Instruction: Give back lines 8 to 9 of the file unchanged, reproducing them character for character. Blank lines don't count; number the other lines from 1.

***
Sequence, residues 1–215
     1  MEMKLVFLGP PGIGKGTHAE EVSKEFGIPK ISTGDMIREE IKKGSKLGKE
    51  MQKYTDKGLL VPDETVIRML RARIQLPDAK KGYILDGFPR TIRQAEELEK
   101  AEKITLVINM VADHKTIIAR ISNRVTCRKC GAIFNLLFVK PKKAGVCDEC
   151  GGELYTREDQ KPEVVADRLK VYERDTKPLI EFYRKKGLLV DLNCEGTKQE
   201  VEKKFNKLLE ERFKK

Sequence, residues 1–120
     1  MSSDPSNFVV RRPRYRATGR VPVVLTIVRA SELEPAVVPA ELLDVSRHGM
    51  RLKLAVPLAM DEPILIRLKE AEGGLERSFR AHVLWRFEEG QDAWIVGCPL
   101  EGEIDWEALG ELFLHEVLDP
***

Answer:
     1  MSSDPSNFVV RRPRYRATGR VPVVLTIVRA SELEPAVVPA ELLDVSRHGM
    51  RLKLAVPLAM DEPILIRLKE AEGGLERSFR AHVLWRFEEG QDAWIVGCPL